How to be an England fan in Ireland: ‘We just laugh it off’
As they close in on a World Cup final, English expats expect colourful ‘support’ from the natives
‘Sometimes it’s just jealousy’: Matt Hudson, owner of the Woolshed Baa & Grill on Parnell Street, Dublin. Photograph: Nick Bradshaw
On the wall of his Ballsbridge office the British ambassador to Ireland, Robin Barnett, has a framed Manchester United jersey signed by Roy Keane. Later this month he might add an English shirt if only – well, say nothing.
There are two universal truths to English World Cup campaigns: an often misplaced level of expectation and a lack of support from near neighbours, particularly Ireland.
Ever the diplomat, Barnett lauds the increasingly strong “people-to-people links” between the two nations.
“But when it comes to sporting rivalry I completely get that people take a totally different approach,” he says. “I enjoy sporting rivalry.”
The gathering excitement around England’s quarter-final clash with Sweden will be nothing new to the ambassador, who has had a lifelong love affair with the game. He remembers watching that 1966 final with his family, and the immortal commentary of Kenneth Wolstenholme – “They think it’s all over ... ”
“A truly extraordinary day and that memory has had to last for quite a long time,” says Barnett.
Tomorrow, as thousands of English expats file into Irish pubs and private gatherings, they will hope things are just beginning.
“I am always very careful not to jinx anything, but what you have to say is that this English team looks as good as any team in our half of the draw,” reflects the ambassador. “I think we have that something special that gives us a chance.”
No Irish support
At the Woolshed Baa & Grill in Dublin, English man Matt Hudson is preparing for an invasion of red and white jerseys. He is not expecting Irish support but then, after 23 years living here, he knows how it goes.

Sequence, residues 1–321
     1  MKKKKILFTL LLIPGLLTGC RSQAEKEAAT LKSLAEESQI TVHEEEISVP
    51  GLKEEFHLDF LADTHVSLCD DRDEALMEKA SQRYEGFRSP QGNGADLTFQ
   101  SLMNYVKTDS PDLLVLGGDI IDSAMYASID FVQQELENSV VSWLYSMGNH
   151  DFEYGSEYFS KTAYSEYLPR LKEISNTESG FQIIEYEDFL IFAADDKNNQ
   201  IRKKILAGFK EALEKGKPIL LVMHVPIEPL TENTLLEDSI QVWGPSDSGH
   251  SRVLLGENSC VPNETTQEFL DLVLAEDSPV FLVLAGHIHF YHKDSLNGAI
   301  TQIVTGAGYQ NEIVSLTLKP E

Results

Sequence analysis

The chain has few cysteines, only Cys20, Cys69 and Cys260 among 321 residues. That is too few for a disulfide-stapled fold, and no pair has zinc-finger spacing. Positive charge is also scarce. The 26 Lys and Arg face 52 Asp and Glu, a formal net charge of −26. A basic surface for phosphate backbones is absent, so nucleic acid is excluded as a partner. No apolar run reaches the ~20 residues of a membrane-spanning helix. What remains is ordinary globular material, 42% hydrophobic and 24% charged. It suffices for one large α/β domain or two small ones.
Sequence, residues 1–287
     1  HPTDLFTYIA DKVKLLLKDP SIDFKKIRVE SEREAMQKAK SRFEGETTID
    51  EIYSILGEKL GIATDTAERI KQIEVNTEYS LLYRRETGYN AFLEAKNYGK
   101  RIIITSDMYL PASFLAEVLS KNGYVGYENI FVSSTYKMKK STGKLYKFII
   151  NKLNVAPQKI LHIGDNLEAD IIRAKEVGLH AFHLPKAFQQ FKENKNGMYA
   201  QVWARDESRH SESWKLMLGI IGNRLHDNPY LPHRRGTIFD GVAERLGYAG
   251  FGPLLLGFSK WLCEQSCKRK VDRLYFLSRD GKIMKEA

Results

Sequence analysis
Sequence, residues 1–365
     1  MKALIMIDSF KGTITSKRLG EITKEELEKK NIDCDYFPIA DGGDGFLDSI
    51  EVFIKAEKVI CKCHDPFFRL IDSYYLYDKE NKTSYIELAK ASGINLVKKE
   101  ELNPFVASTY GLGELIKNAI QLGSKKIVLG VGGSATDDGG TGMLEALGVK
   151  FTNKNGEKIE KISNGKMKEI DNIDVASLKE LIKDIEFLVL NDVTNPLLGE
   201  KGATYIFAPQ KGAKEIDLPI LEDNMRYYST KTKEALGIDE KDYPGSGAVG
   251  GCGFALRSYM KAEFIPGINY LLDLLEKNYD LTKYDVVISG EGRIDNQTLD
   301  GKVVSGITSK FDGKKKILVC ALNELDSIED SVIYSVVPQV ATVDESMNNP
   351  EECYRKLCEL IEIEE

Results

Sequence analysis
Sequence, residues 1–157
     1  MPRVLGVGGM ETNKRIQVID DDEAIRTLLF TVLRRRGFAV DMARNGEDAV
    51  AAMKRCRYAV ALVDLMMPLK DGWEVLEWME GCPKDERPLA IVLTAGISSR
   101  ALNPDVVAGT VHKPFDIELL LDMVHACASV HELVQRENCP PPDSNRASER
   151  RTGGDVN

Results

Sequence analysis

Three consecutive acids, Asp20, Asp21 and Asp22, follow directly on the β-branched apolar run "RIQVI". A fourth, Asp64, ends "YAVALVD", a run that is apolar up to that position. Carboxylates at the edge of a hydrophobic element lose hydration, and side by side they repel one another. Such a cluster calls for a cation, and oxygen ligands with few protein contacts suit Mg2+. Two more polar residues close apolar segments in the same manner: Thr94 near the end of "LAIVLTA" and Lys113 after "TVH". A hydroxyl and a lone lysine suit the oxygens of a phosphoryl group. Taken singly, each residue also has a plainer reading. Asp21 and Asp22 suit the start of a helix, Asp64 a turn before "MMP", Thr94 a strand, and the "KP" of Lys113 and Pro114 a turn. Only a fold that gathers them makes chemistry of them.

“People say to me they don’t want England to win – we keep going on about 1966 and [they] couldn’t bear to hear them going on about it again. It’s friendly banter,” he says.
The 103,000 English people living in Ireland form the second-largest group of foreign nationals next to the Polish community. Hudson arrived here from Oxford in 1995, not long after, he notes, a cohort of English fans tore up the former Lansdowne Road stadium in a “friendly” against Ireland.
But Hudson prefers other memories that exemplify Anglo-Irish relations on the sporting field. His uncles followed the English rugby team to Dublin for the 1973 Five Nations Championship. The previous year the Scottish and Welsh were put off doing the same because of the Troubles.
“They said it was the best reception they ever had,” he says. “A few of them came over and the welcome they got from the Irish supporters was huge and it went over really well. I still meet people who talk about that.”
Today, though, he knows the banter is unlikely to be any less potent.
“We are just kind of used to it; we kind of laugh it off. Sometimes it’s just jealousy,” he says, unable to resist.
The Woolshed expects an even split of Swedes and English. The Scandinavians will be treated to some familiar comforts: hotdogs and liquorice flavoured vodka. There will be nothing so exotic for the English, though; they are a little too close to home.